As others have stated, contractors are the worst when it comes to paying. In most cases, I am working directly with the homeowner. I had one situation where the contractor held onto his money. This is a large corp in the southeastern PA region. Even though my contract was signed according to my terms (50% down, 50% at completion), the corp decided to take its time paying. After several calls (and weeks), I finally saw a check. However, I hired two separate subcontractors to help me keep my installation schedule (due to the fact that my wife went into the hospital for a week and I cared for the children). I completed the project on time, paid my subs on time, and "earned" a $16,000 bill from the hospital. Still I received no payment. I am contemplating billing them for the subs' bills that I paid, because of their practice. The only way I will do business with them again is to receive 100% of the payment before even scheduling and purchasing supplies.

By the way, this company is a multimillion dollar company that funds its own charitable organization. It's a crying shame that a company that seeks to do good for the less fortunate treats those who make it successful like dirt. As for myself... I pay for my supplies when I pick 'em up. Cash is best.

From contributor O:
To the original questioner: Seems like you need better customers, but since everybody seems to compare prices against the large home centers in my area, I figure the same payment plan should work also, which is pay and then we'll order your stuff. Hey, if you want to compare me and complain about prices, then pay like they require.

From contributor Y:
Why not report the contractor for late payments to the credit reporting companies? I'm sure they like their credit scores to be up there, even though they're not worth the numbers they have.

From contributor V:
1) Provide your boss with an A/R aging report.
2) Ask the contractors what their draw schedule is, and invoice for work that you project to be completed by the time the invoice is funded. Let them know that this is your policy, if it is okay with your boss.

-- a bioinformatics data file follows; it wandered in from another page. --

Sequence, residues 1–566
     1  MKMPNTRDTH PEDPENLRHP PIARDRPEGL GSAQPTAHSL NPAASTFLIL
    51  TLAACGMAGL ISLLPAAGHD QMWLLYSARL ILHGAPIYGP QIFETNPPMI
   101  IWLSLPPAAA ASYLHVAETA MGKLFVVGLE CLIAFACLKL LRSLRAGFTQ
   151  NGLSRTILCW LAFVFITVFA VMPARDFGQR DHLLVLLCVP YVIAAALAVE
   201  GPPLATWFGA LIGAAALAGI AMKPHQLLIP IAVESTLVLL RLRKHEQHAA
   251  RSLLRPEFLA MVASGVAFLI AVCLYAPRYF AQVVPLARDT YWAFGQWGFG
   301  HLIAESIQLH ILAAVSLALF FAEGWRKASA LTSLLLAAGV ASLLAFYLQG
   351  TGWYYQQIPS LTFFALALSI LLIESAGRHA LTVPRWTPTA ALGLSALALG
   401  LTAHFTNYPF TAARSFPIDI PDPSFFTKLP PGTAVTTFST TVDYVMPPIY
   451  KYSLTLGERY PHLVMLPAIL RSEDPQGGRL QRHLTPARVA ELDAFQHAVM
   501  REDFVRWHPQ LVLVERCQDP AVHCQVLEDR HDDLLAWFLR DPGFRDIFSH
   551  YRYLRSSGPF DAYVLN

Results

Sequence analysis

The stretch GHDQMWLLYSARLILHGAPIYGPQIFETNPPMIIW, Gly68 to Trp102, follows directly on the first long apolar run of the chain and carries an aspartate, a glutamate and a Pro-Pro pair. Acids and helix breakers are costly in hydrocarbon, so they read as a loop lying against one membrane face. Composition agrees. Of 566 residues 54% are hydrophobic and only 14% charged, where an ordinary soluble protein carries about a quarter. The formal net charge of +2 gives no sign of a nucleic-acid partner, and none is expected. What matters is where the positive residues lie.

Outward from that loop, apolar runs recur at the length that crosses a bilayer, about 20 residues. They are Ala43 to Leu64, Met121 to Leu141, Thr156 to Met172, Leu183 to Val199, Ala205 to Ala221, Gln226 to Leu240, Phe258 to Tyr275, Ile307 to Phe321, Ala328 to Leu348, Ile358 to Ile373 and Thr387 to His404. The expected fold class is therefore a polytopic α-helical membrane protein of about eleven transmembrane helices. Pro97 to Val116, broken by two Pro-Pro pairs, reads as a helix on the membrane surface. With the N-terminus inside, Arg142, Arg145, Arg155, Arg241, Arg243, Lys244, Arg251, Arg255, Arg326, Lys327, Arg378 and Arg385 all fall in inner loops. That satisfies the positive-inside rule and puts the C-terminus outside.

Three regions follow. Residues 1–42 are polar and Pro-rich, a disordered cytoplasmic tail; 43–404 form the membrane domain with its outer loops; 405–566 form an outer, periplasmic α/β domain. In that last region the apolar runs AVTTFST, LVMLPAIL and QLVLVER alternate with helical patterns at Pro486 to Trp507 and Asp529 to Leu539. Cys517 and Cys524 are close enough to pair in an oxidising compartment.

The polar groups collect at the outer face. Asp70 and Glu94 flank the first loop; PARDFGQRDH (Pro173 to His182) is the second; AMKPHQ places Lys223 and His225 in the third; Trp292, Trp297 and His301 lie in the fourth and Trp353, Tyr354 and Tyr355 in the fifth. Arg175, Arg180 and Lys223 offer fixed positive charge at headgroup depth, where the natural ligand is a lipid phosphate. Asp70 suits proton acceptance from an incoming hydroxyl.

3) Communicate with the dog ate my homework bunch. Call to make sure they received the invoice - that takes away their excuses
4) Call as soon as invoices become past due. I call that day.
5) Keep a work log. You'll probably find that the 80/20 rule is in effect. 20% of your clients take 80% of your time.

Most of my slow pays are the largest companies. I don't know if slow pay is part of their business plan, but I generally know who is going to take 45-60 days to pay and I price accordingly and I let them know what I'm doing. The other thing that I guess is going on is your slow pays know that they can get away with it with your company. If you stay on them, it will get better, but the problem will never go away.

From contributor Z:
We have the unique perspective of wearing the architect hat, the construction manager hat, as well as the millwork/cabinet provider on several jobs. There is a huge difference in commercial vs. residential contracts and collections. The deadbeats usually fall in the homebuilder category. To find a collection solution, first look at the reasons for slow payment. In nearly all cases, you are not paid in a timely manner because the contractor simply does not have the money left at the end of the job. This is sometimes due to incompetence and bad management, but more often due to the contractor's problems with the work and delayed payments to him. He has his own set of collection problems with his final payments. Unfortunately, the cabinets come at the end of job when any of the contractor's problems catch up with him. Final payments to the contractor are often delayed pending corrections of non-conforming work. That's his problem but it gets passed on to whomever else is in the food chain.

At contract negotiation, you are holding the cards. If he can't get you to sign, he has to go to the next highest bidder. That puts the ball in your court and you can insist on contract language to help you collect. Don't offer a discount for timely payment. Charge 29% interest on all payments over 5 days overdue and make payments due 10 days from invoice date. Do not work for a lump sum at completion of the install. Make monthly pay requests just like he does. If, at the end of the month, all you have is stacks of material, bill for it. Get progress payments and don't wait till the end. There is less at risk that way and it's actually easier on his cash flow. Never enter a contract that makes your payment conditional on his receipt of payment from the owner. On the fifth day he is overdue, call him and tell him that you automatically file your first lien letter on the sixth day. Then be sure and send it on the sixth day. Just send it to him with the promise to forward a notice to the owner in five days. Possession is 9/10ths of the law and if he misses repeated requests, and the owner is not occupying the building, go take all the doors and drawers out of it. Legally, he could likely make you put them back, but it would take weeks and this gives you a great deal of leverage. If the guy is shady, make it part of the agreement.

People don't realize that collection relationships happen when you sign the contract, not when you finish the work. If he is hesitant about anything which insures your payment, walk away. That means he is already thinking about not paying people.

Also use a contract clause that allows you to bill for all costs of collection including courts, attorneys, arbitration, mitigation, your personal and staff time, as well as liquidated damages.